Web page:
The drawing room of the Upadhyaya household was redesigned during the Covid-19 pandemic. There were to be no guests to entertain, nor was anybody allowed to go outside anyway. And so a spare badminton net was put up in the biggest room in the house, with some weights decorating a corner, as rope ladder (for ladder drills) was placed on another side.
“That became our mini-gym,” said Naveen, who was helping his daughter and rising Indian women’s singles shuttler Anupama Upadhyaya stay in shape during lockdown.
“We did a little net-dribbling exercises there, everything happened there. We did it for three months. It wasn’t to improve on anything, but just to maintain the level.”
On Monday, in the large venue that is the badminton hall at the Balewadi Sports Complex in Pune, the 18-year-old beat Ashmita Chaliha 21-18, 11-21, 21-18 to reach the women’s singles final of the 84th Senior Badminton National Championships.
Interestingly, a few days ago she talked about Chaliha being an opponent she finds rather tough to play against.
“We played in Thailand and I lost a close match (21-16, 21-19),” Anupama said on Sunday, after her round of 16-win.
“Playing against her is fun, it’s a different style. I find her quite tough to play, and she’s a lefty.”
But Anupama is proving to be a tough competitor in the domestic circuit too. She also went up to junior world No 1 just a few months ago. Yet that is not the only think she’d like to be associated with for long.
“I felt confident when I got to that position, but it didn’t go too much to my head,” she said.
“I knew I had much more to work on. We’ve seen so many players become junior world No 1, but till you don’t become senior world No 1, I won’t get that satisfaction.”
Swimmer turned shuttler
Anupama first started playing badminton when she was pushed into a summer camp by her father. Naveen, a former cricketer, was adamant for his eldest daughter to take up a sport and she was in fact into swimming before she exited the pool to take up the racquet.
But the switch did not come with much protest from the then nine-year-old from Almora – the same town in Uttarakhand where 2022 Commonwealth Games gold medallist Lakshya Sen hails from.
“During a summer vacation I started playing under DK Sen (Lakshya’s father and also a coach). I didn’t know much about badminton, but when I went there I started to hear about Lakshya. Right then I was being told that one day I have to win nationally and internationally. Watching Lakshya bringing in medals, motivated me as well,” Upadhyaya, who represents Haryana domestically, said.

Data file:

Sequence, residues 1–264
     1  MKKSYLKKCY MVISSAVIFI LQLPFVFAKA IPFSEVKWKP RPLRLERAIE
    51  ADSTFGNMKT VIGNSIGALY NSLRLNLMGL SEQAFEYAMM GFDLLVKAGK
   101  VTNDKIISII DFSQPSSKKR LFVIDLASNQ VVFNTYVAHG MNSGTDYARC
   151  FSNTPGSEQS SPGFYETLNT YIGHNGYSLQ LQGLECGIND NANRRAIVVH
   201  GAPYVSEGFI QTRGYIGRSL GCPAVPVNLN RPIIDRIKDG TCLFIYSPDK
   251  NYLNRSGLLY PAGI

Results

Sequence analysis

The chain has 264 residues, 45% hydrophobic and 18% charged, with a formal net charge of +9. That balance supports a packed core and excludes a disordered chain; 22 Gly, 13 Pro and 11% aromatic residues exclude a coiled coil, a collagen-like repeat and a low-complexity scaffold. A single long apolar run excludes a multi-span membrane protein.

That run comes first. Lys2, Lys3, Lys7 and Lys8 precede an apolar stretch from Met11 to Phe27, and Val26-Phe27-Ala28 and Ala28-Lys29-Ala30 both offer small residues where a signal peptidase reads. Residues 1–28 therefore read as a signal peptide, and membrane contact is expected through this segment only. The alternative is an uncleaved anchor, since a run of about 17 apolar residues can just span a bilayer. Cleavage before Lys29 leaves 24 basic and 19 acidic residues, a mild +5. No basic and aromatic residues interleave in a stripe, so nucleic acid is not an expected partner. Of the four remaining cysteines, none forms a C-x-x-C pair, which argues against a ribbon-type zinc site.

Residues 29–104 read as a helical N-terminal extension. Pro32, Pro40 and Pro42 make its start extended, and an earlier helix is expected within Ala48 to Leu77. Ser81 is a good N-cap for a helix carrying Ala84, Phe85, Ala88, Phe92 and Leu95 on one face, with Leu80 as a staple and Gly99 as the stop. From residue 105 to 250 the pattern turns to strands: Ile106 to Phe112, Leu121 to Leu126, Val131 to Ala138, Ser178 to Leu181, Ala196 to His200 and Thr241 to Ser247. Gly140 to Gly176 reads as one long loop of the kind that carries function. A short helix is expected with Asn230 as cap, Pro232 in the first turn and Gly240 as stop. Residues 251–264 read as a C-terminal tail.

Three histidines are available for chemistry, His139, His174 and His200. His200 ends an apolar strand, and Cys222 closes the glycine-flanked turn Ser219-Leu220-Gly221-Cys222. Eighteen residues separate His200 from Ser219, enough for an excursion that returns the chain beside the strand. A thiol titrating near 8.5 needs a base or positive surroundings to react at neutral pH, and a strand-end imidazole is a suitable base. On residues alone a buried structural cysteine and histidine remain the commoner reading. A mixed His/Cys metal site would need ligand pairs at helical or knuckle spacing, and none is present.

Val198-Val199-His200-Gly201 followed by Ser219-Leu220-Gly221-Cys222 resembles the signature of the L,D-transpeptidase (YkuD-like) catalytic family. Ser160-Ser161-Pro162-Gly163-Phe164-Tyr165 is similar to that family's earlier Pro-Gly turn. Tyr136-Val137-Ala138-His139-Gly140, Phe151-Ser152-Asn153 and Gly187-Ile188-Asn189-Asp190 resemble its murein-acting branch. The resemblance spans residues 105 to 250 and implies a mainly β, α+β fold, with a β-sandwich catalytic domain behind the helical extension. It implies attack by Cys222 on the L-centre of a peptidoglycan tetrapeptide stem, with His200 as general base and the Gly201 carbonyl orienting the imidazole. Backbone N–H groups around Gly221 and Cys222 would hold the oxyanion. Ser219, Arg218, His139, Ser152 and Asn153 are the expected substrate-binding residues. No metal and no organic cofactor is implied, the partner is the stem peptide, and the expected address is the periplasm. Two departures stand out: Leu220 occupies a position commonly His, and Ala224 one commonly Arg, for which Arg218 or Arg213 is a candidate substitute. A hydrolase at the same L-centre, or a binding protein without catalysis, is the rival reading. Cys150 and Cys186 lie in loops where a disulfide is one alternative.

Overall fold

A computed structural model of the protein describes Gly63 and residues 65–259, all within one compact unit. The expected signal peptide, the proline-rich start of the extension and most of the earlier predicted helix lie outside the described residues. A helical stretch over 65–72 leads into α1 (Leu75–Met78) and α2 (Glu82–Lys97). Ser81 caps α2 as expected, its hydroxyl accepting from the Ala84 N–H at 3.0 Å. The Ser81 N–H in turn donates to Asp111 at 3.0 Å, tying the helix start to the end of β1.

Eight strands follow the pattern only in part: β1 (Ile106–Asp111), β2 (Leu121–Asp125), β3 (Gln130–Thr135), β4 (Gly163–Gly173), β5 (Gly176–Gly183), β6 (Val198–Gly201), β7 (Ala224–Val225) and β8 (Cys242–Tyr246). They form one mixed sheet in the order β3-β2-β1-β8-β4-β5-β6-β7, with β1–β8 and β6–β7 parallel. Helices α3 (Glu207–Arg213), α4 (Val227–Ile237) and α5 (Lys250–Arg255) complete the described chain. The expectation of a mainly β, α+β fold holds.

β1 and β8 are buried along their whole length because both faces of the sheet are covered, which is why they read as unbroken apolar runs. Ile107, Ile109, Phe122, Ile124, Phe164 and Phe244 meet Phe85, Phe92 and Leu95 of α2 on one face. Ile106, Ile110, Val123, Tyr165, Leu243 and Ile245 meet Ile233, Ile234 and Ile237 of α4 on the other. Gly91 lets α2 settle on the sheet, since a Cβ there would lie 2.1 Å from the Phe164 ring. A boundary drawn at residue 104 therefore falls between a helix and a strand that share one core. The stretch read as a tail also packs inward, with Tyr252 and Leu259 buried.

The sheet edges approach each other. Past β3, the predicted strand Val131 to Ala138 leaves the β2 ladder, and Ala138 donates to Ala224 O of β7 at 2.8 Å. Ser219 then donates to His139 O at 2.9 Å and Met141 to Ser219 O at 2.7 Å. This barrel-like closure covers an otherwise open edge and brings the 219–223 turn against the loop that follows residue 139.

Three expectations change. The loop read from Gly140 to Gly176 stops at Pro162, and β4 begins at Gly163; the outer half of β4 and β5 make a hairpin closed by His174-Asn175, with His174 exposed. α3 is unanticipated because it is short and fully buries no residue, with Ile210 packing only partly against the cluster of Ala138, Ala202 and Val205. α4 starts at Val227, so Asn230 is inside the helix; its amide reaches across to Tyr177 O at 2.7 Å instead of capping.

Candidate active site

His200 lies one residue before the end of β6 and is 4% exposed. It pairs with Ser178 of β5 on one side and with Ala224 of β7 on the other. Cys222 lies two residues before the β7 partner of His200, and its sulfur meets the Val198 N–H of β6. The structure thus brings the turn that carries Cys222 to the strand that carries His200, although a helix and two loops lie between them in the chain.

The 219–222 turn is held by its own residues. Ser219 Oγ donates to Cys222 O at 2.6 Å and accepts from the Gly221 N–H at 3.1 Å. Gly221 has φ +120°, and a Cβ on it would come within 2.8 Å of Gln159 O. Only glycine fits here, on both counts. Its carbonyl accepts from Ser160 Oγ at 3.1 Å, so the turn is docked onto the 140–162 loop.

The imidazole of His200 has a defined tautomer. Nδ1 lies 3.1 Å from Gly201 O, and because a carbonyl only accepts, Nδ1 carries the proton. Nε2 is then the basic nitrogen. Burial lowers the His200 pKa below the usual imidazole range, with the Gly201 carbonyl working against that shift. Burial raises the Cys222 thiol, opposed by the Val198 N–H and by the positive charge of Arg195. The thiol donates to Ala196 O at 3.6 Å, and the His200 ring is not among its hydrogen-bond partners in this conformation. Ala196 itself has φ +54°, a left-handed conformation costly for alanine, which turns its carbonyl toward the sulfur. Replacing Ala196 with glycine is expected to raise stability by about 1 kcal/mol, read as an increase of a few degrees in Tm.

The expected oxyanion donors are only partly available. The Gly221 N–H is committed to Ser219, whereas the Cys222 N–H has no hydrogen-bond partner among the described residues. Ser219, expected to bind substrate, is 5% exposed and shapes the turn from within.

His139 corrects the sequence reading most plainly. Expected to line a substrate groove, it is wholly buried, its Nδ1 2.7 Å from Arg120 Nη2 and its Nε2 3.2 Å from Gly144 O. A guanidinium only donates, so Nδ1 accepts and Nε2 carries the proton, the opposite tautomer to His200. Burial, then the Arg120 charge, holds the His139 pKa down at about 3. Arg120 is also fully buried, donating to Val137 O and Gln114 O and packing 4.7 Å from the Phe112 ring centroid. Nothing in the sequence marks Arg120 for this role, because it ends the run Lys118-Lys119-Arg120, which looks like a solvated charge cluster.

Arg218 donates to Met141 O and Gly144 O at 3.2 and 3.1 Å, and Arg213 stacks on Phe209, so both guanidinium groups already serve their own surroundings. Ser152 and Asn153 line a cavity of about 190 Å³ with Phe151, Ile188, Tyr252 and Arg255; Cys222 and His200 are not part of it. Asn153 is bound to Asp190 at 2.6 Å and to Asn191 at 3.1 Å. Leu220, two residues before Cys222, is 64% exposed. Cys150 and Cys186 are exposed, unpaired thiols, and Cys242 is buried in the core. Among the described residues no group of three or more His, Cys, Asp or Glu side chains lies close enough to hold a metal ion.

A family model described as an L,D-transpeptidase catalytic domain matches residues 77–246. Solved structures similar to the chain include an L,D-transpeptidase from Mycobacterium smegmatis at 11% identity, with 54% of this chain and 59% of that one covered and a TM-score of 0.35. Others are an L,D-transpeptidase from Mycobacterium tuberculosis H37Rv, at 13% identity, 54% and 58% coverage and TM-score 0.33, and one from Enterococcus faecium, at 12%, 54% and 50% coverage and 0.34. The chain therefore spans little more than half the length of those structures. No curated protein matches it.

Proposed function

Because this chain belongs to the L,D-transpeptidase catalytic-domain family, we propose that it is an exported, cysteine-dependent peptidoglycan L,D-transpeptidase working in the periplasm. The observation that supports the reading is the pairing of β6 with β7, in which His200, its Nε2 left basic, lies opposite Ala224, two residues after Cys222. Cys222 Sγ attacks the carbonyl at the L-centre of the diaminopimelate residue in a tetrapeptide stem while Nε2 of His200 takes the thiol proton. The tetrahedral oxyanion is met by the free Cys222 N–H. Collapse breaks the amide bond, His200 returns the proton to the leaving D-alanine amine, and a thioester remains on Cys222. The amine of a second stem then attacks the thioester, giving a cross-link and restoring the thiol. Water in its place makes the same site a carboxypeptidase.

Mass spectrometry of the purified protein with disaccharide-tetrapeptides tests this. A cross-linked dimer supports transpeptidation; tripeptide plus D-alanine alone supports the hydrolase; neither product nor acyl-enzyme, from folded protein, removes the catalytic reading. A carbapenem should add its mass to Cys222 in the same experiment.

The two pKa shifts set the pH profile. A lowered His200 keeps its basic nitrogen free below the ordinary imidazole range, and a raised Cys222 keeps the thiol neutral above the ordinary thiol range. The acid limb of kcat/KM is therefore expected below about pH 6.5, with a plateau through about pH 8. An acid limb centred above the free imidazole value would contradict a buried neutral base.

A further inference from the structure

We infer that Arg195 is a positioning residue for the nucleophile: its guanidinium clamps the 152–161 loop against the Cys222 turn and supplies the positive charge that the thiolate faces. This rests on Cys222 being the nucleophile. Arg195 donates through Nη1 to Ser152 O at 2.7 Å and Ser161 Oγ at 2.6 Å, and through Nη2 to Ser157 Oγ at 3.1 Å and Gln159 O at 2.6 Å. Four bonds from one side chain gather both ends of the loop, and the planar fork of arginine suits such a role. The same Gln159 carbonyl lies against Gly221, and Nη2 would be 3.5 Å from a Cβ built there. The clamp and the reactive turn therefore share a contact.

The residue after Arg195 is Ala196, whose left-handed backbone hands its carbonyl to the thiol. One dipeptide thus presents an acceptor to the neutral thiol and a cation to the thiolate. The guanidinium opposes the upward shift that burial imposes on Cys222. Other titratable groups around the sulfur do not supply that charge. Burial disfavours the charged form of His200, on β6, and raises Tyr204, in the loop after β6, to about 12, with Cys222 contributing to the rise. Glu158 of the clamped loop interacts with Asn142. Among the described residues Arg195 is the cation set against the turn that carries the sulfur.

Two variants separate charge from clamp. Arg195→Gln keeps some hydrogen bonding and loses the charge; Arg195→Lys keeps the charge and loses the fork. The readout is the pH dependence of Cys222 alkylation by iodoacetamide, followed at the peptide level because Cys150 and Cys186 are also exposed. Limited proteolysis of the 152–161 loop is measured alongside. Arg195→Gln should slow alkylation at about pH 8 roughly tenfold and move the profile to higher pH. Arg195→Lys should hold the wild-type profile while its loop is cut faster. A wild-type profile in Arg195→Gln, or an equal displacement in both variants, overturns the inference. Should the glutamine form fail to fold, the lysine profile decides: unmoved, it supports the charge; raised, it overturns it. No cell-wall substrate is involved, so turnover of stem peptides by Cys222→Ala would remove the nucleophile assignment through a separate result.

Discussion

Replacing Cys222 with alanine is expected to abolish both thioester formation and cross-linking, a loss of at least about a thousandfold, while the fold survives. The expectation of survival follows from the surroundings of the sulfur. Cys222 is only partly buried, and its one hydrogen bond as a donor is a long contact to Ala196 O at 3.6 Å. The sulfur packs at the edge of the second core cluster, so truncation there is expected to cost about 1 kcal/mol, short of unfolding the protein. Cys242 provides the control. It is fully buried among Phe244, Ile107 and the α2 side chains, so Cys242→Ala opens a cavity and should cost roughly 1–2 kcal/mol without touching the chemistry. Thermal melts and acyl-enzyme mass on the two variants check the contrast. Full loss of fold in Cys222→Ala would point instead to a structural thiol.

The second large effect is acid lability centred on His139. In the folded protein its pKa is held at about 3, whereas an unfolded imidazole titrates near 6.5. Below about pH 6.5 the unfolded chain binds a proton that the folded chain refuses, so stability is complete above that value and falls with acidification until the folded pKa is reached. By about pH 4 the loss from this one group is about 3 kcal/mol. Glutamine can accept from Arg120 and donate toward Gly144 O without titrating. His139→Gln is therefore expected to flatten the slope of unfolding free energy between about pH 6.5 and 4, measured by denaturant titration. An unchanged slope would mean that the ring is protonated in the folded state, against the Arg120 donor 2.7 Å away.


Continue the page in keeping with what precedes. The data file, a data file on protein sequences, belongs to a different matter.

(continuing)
“In swimming, there were no role models. But in badminton there was a lot of encouragement and Saina (Nehwal) and PV Sindhu (to look up to). Sometimes we’d go to watch Lakshya’s matches, watching him win those big trophies. I wanted to win some too.”
Anupama Upadhyaya's finals
|Kenya International 2020||AAKARSHI KASHYAP||Runner-up|
|Uganda International Badminton Championships 2021||Malvika BANSOD||Runner-up|
|India International Challenge 2021||Unnati HOODA||Winner|
|Uganda Junior International 2022||Meghana Reddy MAREDDY||Winner|
|Polish Open 2022||Aditi BHATT||Winner|
Transition to seniors
She has won two BWF International Challenge events – the 2021 India International Challenge in Bengaluru in 2021, followed by the title at the Polish Open in 2022. But before she can truly start competing for bigger prizes, she’s looking to make the transition from juniors to seniors.
“Getting from junior to senior is a difficult thing. There’s a big difference in speed and strength when it comes to playing in the seniors. But it’s not impossible,” she said.
“That’s what I’m working on – the power of my strokes and how long I can keep up the intensity. What happens is you can play the first game at full capacity, but you have nothing left for the second and third. I’m working on that. IIt’s more gym work. There’s now a lot of work I do off-court. But I enjoy it actually.”
She got a taste of what it’s like to compete at the senior level first-hand when she played at the India Open Super 500 in New Delhi last year.
“I played Yeo Jia Min of Singapore in the second round. I was fine in the first game, but she was very fast in the second and third, and I couldn’t match the power (Anupama lost 21-13, 7-21, 12-21). She outclassed me, and I realised that if I want to play at that level, I need to improve my strength.”
It’s all a part of the process getting to play consistently at the higher echelons of the sport. But she’s taking it all in her stride, not wanting to rush into anything.
On Tuesday, she will face India No 3 and world No 42 Aakarshi Kashyap in the quest to be crowned national champion. From practicing net-dribbles with her father in the drawing room of their home, she’s a step closer to well and truly announcing herself in the senior level among Indian shuttlers.
UPDATE: Anupama Upadhyaya defeated Aakarshi Kashyap 20-22, 21-17, 24-22 to become the national champion in Pune.